• “This is what I want to do with my life. I want to be a goaltender for the Buffalo Sabres.”
On December 1, the same day that Hoppe published the article above, Randy Carlyle was fired as the coach of the Anaheim Ducks. Murray chose the traditional route of moving one body (the coach) instead of moving players in order to jumpstart his floundering team.
A quick coaching recycle as former
Washington coach
Bruce Boudreau (R) replaced
Anaheim's Randy Carlyle
two weeks after getting fired.
Carlyle was replaced by Bruce Boudreau who was fired by the Washington Capitals just a couple weeks before.

The morass continued for the Ducks through the month of December as the team went 3-8-2.

The new year came about Murray was still not giving up on making the playoffs, "I think this team can be turned around to make the playoffs next year," he said in an article published by the LA Times, "I think it's going to be hard to do it this year but I do want them to make a run. But it's got to happen quick. Everybody knows that. … Let's start playing better hockey."

That was before their January 4 meeting with the San Jose' Sharks to kick off the 2012 portion of the schedule.

The 3-1 loss angered the GM to the point where he put everyone on the block except for Saku Koivu and Teemu Selanne, both of whom have no-trade clauses, "I have two players who are unavailable, Teemu Selanne and Saku Koivu," he said. "And the rest of the players in the locker room, I thought they'd figure it out when we changed coaches. They (thought) that time was running, well the clock is running quickly here.

"I still believe we have some core players," he continued. "Now whether we have to change a few core players, so be it. They're deciding who's staying and who's not staying at this point. They're the ones deciding."
Eric Stephens of the Orange County Register said on January 4 that Murray is not interested in a complete rebuild--"we will not go to draft picks. It's not my intention"-- but would be looking to ship out a core player for a player of similar stature. He said that no one will be given away.

So winger Bobby Ryan was on the block at one time, and remained so. Moving center Ryan Getzlaf was also a possibility six weeks earlier, and that possibility remained as well.

An orange county sports writer
acts like he's in a chat room
while making a case to trade
the Ducks Ryan Getzlaf.

For some reason Getzlaf has seen a precipitous drop in his numbers this year which lead to Jeff Miller of the Orange County Register to write a full article entitled, Time for Ducks to trade Getzlaf.

This guy is ticked and embarks on a rather snide article concerning Murray conceding the season by making a big trade and retooling for next year. And it all starts with Getzlaf, "That's right. The team captain. The Olympic gold medalist. The former All-Star Game starter."

Miller points out that the situation with Getzlaf and the Ducks just hasn't worked out and has become "stagnated." Getzlaf is "broken," is on a pace for his worst production since his rookie season, and that the captain has simply "lost his way." (sounds eerily familiar to the Sabres Derek Roy in a few aspects.)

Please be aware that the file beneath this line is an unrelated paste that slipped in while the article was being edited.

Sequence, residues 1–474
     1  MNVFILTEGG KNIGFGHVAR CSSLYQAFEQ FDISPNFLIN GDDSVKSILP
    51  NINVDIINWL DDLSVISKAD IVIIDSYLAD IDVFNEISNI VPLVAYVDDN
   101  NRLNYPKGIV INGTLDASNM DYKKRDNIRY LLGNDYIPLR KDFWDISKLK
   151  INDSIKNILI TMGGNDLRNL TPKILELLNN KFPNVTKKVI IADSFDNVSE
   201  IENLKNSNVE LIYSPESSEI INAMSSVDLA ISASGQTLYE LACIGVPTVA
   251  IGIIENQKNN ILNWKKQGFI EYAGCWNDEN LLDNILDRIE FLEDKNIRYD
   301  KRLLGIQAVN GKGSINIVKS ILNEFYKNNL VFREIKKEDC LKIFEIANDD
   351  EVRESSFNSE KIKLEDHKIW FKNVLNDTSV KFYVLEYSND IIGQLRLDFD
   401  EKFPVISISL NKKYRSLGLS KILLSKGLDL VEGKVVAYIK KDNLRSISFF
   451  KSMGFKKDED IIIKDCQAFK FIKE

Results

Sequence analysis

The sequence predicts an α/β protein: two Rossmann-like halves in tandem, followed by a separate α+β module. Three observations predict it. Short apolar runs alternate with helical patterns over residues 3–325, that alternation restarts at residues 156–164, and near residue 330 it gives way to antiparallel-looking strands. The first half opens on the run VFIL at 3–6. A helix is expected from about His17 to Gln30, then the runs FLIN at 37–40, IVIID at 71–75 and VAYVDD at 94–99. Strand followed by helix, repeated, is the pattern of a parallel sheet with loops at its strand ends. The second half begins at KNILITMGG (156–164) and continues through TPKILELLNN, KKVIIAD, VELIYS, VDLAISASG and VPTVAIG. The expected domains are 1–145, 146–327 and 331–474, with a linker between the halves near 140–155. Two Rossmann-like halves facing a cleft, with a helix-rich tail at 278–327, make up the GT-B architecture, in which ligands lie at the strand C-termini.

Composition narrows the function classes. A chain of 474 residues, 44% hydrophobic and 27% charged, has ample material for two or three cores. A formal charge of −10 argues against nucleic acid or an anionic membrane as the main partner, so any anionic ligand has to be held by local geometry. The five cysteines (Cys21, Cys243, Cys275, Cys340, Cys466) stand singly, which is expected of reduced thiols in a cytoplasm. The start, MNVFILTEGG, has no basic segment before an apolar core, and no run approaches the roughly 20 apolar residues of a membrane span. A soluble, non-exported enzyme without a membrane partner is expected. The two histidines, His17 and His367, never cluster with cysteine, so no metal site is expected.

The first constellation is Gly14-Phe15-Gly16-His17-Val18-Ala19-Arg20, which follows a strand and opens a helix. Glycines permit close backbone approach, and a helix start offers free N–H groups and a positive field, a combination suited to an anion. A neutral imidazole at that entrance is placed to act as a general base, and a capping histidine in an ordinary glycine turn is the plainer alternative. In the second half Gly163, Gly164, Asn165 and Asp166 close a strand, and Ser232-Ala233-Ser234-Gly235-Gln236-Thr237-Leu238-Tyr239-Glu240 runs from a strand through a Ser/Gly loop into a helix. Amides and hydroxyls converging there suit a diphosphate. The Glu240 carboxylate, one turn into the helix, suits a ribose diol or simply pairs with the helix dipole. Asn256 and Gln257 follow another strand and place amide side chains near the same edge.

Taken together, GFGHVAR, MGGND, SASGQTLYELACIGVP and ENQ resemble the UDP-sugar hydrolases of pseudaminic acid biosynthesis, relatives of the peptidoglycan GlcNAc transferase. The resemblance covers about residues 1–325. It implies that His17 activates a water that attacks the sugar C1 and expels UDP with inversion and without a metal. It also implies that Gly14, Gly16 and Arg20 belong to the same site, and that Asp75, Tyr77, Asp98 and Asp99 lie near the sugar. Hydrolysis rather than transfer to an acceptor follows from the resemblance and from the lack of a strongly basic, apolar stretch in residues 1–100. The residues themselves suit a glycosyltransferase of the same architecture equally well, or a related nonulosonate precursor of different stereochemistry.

And he lays out what has lead him to this conclusion:
  • they need to "alter the path of a franchise that is off the rails"
  • a coaching change had little affect on the teams downward spiral
  • tweaks won't do fix it
  • it's time to shake the team to its very core
(sounds eerily similar to the Sabres)

The Register's Miller gives legitimate reasons for trading the captain, but ya gotta wonder if this journalist spent too many hours reading blogs and chats. It's a little extreme to say the least, but moving a player like Getzlaf certainly would shake the team to the core.
When we started this rendezvous with words, something was rotten in Anaheim. A player of Bobby Ryan's calibre--and being a part of one of the best lines in the NHL--usually doesn't hit the market during an early-season slump.
And the fact that the whole line of Ryan, Getzlaf and Corey Perry just didn't seem to be motivated is a peculiar one, especially when they've proven they can overcome obstacles and go on a run. They have that much talent.
But there seems to be a schism in Duckland between GM Bob Murray and his talented core group.
Is Getzlaf, as the captain, responsible for the apathetic play that led to Carlyle's dismissal? Is Murray, who was a staunch supporter of Carlyle, holding a grudge? Will the captain take the fall like the coach did?
It represents an interesting opportunity for a team to pick up a proven #1 center for less than their first-born child with the question being, what would Bob Murray want in return for Ryan Getzlaf?
And do the Sabres have what they need?
Back in November, rumors were swirling that the Sabres were in on Bobby Ryan and that there were some serious talks.
But, with the inordinate amount of wingers on this team, including two who were brought in to play center (Brad Boyes and Ville Leino,) would it make any sense to bring in another one?
And even if there were serious talks with Anaheim, what would Sabres GM Darcy Regier be offering in return?
Maybe the fact that the Ryan Miller "wouldn't mind being traded" came out at the same time would offer a clue.
Miller is a former Vezina Trophy winner, and could be considered a "core-type" player by any number of GM's. Especially a GM who has a goalie suffering from a medical condition that seems to have drastically reduced his effectiveness.

Would two Jonas' be better than one
in Buffalo if Hiller came to the
Sabres in a trade?
Jonas Hiller is having a very substandard season thus far with numbers worse than Millers. Hiller is in the second year of a four-year/$18M contract with the Ducks. It wouldn't be too far-fetched to say that the Ducks might be concerned about the future of their #1 goalie.